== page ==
I think common tool use is probably not the thing that separates science and humanities. The two disciplines pursue different things in general: humanities study human culture (I like to see it as the output of humans but that also implies poo :D) while the sciences study the natural world and human behaviour (social sciences).

          • Posted October 3, 2013 at 12:01 pm | Permalink

            Ok, but both are attempting to increase knowledge about their respective subject matter, so sound “knowledge acquisition tools”, at least the basic ones, should not differ too much b/t them.

            I think that part of the answer may lie in the fact that some subjects in the humanities are not really about acquiring knowledge, where knowledge is defined as an asserted understanding of some aspect of reality that can be falsifiable or in some way not true.

            In the field of lit crit, how is my analysis of some piece of writing true in the sense that the Modern Synthesis of evolution is true?

            If your professional life consists of output that doesn’t really attempt to explain some aspect of reality (including human affairs) or increase our knowledge of it, then scientific concepts would probably be mostly irrelevant.

            • Diana MacPherson
              Posted October 3, 2013 at 12:10 pm | Permalink

              In most cases the tools are probably the same though as with anything, the tools are chosen for the task at hand. You may use critical thinking in the same way, for example. You may even use statistical tools — even for literary analysis.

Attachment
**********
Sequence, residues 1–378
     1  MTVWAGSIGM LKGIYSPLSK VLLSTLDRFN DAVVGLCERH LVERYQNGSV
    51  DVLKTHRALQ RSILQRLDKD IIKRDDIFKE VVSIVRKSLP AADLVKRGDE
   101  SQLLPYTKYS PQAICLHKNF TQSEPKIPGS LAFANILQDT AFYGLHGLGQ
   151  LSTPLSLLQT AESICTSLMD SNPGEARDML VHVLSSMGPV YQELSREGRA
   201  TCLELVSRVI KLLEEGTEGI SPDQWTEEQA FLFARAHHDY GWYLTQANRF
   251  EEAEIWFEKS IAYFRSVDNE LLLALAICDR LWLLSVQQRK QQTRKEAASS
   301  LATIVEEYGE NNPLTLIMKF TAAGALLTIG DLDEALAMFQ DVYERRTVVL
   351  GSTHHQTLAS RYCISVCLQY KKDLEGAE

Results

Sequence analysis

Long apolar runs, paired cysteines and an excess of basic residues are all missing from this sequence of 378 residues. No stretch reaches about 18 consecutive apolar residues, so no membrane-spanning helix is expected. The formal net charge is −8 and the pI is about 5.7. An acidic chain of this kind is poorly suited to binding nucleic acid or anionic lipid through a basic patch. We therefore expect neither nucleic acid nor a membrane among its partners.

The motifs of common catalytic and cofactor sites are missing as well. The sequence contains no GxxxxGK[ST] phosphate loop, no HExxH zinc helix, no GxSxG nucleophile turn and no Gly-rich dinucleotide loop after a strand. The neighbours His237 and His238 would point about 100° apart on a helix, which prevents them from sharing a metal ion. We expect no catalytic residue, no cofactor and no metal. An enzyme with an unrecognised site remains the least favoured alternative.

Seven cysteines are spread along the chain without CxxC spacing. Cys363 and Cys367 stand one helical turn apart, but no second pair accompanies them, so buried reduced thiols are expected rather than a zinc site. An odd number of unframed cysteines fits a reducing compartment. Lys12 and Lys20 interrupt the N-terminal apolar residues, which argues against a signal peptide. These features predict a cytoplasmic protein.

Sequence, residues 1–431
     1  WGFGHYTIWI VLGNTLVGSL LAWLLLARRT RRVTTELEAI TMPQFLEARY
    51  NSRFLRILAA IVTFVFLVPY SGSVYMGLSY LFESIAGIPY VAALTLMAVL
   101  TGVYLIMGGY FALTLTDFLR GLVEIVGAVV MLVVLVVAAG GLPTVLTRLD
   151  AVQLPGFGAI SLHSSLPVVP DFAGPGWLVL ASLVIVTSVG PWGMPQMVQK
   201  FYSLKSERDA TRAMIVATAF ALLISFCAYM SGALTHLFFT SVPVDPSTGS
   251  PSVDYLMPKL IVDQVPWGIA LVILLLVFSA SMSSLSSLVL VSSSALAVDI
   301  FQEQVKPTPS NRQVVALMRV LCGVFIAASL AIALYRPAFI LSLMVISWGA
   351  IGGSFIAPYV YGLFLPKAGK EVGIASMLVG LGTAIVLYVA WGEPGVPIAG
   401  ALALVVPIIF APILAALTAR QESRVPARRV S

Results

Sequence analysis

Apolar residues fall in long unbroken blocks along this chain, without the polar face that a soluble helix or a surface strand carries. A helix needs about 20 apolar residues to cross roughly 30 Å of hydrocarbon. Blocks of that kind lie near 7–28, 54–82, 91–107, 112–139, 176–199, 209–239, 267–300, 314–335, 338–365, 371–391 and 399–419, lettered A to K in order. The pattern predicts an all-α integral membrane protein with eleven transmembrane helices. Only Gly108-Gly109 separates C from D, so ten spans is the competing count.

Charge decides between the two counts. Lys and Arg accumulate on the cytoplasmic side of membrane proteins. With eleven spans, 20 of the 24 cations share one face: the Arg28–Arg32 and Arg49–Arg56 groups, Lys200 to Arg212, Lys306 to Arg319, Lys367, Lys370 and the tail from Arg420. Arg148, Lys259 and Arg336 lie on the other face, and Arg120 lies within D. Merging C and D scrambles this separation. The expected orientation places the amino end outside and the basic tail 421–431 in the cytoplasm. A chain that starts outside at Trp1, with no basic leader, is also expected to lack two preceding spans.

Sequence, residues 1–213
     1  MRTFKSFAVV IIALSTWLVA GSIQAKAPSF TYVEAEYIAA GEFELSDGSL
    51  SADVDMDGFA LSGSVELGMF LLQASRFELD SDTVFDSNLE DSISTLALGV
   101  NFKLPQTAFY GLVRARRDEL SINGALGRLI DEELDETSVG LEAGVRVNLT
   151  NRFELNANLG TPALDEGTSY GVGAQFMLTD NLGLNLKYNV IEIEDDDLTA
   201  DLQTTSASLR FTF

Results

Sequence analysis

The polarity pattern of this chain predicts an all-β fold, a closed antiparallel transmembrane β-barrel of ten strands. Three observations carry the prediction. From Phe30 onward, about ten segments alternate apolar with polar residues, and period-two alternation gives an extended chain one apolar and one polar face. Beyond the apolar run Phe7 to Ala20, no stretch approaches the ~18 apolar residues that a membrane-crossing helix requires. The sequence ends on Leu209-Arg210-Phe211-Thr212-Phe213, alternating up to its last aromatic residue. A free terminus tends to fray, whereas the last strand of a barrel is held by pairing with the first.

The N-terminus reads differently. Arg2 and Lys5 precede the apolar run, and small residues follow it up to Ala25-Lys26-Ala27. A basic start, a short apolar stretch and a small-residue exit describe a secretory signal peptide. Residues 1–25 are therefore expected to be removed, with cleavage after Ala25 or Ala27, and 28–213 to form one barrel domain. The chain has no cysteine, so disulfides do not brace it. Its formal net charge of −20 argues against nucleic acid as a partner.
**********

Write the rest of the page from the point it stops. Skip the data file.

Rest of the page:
Truth will be evidence based but confidence may never be as high as say confidence in evolution, depending on what you’re analyzing. So, if you’re analyzing literature, and your argument is something like the influence of scientific advancement during the Romantic period on Romantic literature, you will bring to bear historical records, etc. of the time, what the author was exposed to, who the author knew, etc. but you will most likely never be as certain as you are precisely certain with other scientific pursuits. In this way, it’s similar to proving a legal case however you don’t manipulate presentation of the evidence to suit your case but let yourself be led by the evidence.